This rule is also well known as the Arrhenius rule. It characterizes the change of thermic reaction speed. For every 10 °C lower temperature, evaporation halves. That means for every 10 °C lower temperature the lifetime of capacitors doubles.

L x = L Spec ⋅ 2 T 0 − T A 10 {\displaystyle L_{x}=L_{\text{Spec}}\cdot 2^{\frac {T_{0}-T_{A}}{10}}} L_{x}=L_{{\text{Spec}}}\cdot 2^{{\frac {T_{0}-T_{A}}{10}}}Lx = life time to be estimated

LSpec = specified life time (useful life, load life, service life)

T0 = upper category temperature (°C)

TA = temperature (°C) of the case or ambient temperature near the capacitor

 

If a lifetime specification of an electrolytic capacitor is, for example, 2000 h/105 °C, the capacitor's lifetime at 45 °C can be "calculated" as 128,000 hours—roughly 15 years—by using the 10-degree-rule. Although the result of the longer lifetime at lower temperatures comes from a mathematical calculation, the result is always an estimation of the expected behavior of a group of similar components.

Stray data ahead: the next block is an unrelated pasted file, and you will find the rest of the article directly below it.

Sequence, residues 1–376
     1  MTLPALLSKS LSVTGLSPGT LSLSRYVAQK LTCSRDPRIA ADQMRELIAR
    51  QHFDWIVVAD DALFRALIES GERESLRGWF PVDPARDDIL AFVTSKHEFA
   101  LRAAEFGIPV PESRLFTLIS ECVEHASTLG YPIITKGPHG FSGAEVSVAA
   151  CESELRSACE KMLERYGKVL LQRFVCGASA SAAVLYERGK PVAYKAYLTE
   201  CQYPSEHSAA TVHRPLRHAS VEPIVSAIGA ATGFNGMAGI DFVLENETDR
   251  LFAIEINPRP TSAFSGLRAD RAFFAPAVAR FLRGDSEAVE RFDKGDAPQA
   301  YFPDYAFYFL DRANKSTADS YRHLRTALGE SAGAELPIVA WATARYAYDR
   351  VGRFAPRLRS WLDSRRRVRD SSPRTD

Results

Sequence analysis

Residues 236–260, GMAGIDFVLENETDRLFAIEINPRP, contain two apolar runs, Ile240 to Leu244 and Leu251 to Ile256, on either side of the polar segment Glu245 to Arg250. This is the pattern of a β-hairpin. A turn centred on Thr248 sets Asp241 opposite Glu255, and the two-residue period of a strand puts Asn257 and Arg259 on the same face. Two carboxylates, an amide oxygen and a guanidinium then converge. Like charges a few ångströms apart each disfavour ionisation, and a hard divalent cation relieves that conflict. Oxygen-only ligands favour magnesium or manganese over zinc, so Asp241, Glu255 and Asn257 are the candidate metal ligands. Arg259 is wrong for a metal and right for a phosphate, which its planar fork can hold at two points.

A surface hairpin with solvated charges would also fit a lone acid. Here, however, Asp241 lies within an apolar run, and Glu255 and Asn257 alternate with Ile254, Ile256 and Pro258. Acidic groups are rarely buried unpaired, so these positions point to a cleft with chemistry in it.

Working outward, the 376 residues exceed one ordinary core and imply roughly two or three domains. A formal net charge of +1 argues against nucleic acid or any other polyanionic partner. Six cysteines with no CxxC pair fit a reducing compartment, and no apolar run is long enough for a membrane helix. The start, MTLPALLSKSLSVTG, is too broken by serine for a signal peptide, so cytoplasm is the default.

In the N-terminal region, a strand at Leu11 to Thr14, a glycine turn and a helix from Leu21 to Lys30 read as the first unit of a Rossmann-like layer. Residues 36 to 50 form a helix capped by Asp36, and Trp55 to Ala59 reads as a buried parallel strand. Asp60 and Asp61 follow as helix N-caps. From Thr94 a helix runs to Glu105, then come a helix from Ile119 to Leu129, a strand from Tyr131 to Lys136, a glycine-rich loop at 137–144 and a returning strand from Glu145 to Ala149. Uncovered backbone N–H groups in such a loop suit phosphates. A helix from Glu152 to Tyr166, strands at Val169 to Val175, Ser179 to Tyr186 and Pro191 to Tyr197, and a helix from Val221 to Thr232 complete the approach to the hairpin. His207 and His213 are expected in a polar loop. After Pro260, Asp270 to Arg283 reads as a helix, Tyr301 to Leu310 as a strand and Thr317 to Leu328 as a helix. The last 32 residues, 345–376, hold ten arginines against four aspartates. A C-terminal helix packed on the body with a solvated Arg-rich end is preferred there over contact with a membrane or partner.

Capacitor seals are chemically resistant to the liquids used (circuit boards are not). I have seen blown tants, last one being on a Daystar 040 PDS board.

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I understand capacitor lifetime ratings. What I am getting at is there is a huge difference between baking at 105 for 5000 hours (the rating, which can and is tested), and sitting idle for 20 or 30 years, the latter of which has no design or real test data. Just because a formula extends life out to 40 years with minimal use does not mean the components of the capacitor won't start to break down earlier. I do know that the Nichicon description documents for electrolytic cans specify a gradual degradation after only a 2 year shelf.

 

But really, its opinion either way. No one has a room of 30 year old capacitors that they are actively testing, so in the end, do what you want. It probably doesn't matter.